Peter LaFreniere, Ph.D. (Minnesota, 1982), Professor. Director of Child Study Center. Ethology; developmental psychopathology; attachment and early peer relations.

Colin Martindale, Ph.D. (Harvard, 1970), Professor. Aesthetics; cognition; creativity.

Douglas W. Nangle, Ph.D. (West Virginia University, Morgantown, 1993), Associate Professor. Child and adolescent peer relations; assessment and treatment of juvenile sex offenders.

Alan M. Rosenwasser, Ph.D. (Northeastern, 1980), Professor. Biopsychology and behavioral neurosciences; mechanisms and functions of circadian and other biological rhythms.

Richard M. Ryckman, Ph.D. (SUNY, Buffalo, 1968), Professor Emeritus. Individual differences in competitive attitude, physical self-efficacy, and locus of control; physique stereotyping; health psychology, and sport psychology.

Sandra T. Sigmon, Ph.D. (North Carolina at Greensboro, 1989), Associate Professor, Director of Clinical Training, Graduate Coordinator. Seasonal affective disorder; depression; coping with stress and health-related problems; gender issues in psychopathology.

Laurence D. Smith, Ph.D. (New Hampshire, 1982), Associate Professor. History and philosophy of psychology; psychology of science; intuitive statistics; perception of graphs.

William F. Stone, Ph.D. (Florida, 1963), Professor Emeritus. Political psychology, humanistic and authoritarian personality, attitudes and ideology.

D. Alan Stubbs, Ph.D. (George Washington, 1967), Professor. Teaching interests: perception, animal behavior, and learning. Research interests: picture perception, perception of graphs, multimedia.

Geoffrey L. Thorpe, Ph.D., ABBP (Rutgers, 1973), Professor. Cognitive-behavior therapy; anxiety disorders.

Janice Zeman, Ph.D. (Vanderbilt, 1991), Associate Professor. Child-clinical, emotional development in children; pediatric psychology.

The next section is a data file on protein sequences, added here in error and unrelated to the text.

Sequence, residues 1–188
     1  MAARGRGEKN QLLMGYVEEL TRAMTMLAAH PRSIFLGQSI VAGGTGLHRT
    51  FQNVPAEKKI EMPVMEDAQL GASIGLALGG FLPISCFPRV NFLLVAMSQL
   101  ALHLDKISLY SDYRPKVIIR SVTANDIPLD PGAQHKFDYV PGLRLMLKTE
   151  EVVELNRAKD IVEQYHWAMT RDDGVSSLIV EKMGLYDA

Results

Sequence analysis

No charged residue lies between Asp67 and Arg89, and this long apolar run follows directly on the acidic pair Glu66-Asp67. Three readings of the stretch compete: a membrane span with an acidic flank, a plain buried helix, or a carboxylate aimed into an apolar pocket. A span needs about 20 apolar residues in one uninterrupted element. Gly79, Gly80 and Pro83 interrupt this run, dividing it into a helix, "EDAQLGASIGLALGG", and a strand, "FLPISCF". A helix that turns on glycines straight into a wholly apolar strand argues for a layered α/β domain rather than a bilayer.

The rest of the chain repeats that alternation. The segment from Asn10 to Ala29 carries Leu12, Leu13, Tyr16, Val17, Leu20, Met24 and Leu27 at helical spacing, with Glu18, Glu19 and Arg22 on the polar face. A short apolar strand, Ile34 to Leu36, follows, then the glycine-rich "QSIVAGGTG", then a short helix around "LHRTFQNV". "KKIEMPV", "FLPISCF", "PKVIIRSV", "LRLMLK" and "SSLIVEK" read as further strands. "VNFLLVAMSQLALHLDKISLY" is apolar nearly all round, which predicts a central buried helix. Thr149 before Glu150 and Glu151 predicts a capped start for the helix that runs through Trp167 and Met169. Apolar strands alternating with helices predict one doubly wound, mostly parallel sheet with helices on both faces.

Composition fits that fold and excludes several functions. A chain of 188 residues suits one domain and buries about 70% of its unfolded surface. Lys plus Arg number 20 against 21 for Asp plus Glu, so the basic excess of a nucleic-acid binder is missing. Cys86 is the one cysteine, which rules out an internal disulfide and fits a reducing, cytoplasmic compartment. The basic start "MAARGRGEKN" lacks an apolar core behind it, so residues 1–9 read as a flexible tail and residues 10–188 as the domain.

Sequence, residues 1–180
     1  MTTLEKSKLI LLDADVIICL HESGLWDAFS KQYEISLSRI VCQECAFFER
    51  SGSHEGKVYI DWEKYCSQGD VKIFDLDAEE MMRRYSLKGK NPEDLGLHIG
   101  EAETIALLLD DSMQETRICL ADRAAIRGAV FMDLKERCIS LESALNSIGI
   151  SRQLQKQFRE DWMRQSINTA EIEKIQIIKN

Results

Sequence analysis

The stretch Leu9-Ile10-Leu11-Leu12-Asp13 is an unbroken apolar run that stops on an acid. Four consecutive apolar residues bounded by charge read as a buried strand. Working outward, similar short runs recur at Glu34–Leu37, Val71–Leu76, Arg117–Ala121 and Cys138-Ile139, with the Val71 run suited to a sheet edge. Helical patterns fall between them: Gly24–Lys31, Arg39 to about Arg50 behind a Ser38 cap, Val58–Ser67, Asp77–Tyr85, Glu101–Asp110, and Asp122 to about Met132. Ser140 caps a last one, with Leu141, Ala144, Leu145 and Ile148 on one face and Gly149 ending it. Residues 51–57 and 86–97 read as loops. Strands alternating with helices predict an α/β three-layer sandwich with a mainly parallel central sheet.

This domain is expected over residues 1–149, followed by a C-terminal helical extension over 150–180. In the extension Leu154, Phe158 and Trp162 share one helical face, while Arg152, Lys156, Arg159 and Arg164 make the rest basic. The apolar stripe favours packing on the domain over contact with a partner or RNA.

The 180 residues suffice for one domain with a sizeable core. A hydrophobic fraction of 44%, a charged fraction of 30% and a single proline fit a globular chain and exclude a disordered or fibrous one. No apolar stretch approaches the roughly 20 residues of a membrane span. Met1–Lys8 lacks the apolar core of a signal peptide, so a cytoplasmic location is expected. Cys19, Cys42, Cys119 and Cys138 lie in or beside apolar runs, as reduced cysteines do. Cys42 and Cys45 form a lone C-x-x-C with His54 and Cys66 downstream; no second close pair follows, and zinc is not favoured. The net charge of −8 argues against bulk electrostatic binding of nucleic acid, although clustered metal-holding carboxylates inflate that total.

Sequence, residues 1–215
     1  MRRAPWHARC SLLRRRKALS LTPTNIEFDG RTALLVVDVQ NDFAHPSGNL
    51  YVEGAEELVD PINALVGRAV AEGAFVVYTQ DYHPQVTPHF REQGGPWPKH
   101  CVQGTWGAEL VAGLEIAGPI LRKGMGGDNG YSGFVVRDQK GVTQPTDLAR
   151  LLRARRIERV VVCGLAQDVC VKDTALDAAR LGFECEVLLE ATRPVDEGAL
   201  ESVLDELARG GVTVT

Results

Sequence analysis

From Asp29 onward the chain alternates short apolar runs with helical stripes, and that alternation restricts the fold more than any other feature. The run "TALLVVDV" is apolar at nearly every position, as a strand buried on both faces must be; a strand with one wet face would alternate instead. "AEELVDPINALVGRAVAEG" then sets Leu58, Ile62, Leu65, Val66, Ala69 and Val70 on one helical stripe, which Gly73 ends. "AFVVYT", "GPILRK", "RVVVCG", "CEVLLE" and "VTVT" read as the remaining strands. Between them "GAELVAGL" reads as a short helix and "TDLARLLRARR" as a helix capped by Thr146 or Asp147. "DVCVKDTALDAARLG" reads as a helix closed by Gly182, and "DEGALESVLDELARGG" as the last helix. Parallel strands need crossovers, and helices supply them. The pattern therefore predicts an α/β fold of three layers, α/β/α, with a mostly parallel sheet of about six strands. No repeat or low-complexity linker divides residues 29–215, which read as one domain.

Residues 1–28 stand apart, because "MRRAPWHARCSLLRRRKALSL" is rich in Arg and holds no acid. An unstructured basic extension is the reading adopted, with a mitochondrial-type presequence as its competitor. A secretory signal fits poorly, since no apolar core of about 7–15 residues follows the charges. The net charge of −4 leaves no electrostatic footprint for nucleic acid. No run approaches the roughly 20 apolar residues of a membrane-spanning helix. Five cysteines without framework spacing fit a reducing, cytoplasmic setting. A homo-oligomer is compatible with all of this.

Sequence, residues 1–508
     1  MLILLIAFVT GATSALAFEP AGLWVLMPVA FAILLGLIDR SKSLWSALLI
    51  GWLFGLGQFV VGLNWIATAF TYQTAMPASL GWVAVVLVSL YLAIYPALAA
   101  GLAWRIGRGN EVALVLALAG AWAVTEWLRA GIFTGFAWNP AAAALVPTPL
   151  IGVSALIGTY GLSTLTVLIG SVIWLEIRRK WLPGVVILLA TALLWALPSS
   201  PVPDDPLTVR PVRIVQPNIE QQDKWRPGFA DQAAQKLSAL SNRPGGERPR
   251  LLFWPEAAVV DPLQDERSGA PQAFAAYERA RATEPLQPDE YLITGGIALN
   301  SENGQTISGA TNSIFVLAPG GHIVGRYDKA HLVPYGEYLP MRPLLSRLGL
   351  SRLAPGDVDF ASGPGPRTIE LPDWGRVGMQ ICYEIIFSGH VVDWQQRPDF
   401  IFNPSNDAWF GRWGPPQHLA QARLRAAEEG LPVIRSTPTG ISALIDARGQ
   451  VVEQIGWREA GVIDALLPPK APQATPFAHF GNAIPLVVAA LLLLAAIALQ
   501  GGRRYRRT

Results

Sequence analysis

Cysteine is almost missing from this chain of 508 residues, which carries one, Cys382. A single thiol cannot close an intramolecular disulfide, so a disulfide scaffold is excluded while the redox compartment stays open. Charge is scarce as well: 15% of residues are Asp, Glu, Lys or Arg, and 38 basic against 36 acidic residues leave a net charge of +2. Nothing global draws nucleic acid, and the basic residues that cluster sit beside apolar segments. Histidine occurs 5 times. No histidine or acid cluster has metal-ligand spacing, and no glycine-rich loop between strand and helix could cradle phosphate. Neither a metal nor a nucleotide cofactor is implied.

Associate Graduate Faculty

Jeffrey Aston, Ph.D., Clinical Associate

Jonathan Borkum, Ph.D., Faculty Associate

Susanne Carol Duffy, Ph.D., Faculty Associate

Penelope K. Elias, Ph.D., Senior Research Associate and Adjunct Associate Professor

Margaret Fernald, Ph.D., Clinical Associate

Christine Fink, Ph.D., Clinical Associate

Bruce Hale, Ph.D., Cooperating Professor

Jerold Hambright, Ph.D. Clinical Associate

Jonathan Heeren, Ph.D., Clinical Associate

Anne Hess, Ph.D., Clinical Associate Professor

Keith Houde, Ph.D., Clinical Associate

Gina Kenney, Psy.D., Clinical Associate

Larissa Mead, Ph.D., Clinical Assistant Professor

David Mills, Ph.D., Faculty Associate

Karen Mosher, Ph.D., Clinical Associate

Philip S. Pierce, Ph.D., Clinical Associate

Kevin Polk, Ph.D., Clinical Associate

Lucy Quimby, Ph.D., Clinical Associate

Susan Righthand, Ph.D., Clinical Associate

Robert Riley, Ph.D., Clinical Associate

Michael Robbins, Ph.D., Cooperating Associate Professor

Raymond C. Russ, Ph.D., Faculty Associate

Laura Santilli, Ph.D., Clinical Associate

Susanne Stiefel, Ph.D., Clinical Associate

Cristin Sullivan, Ph.D., Clinical Associate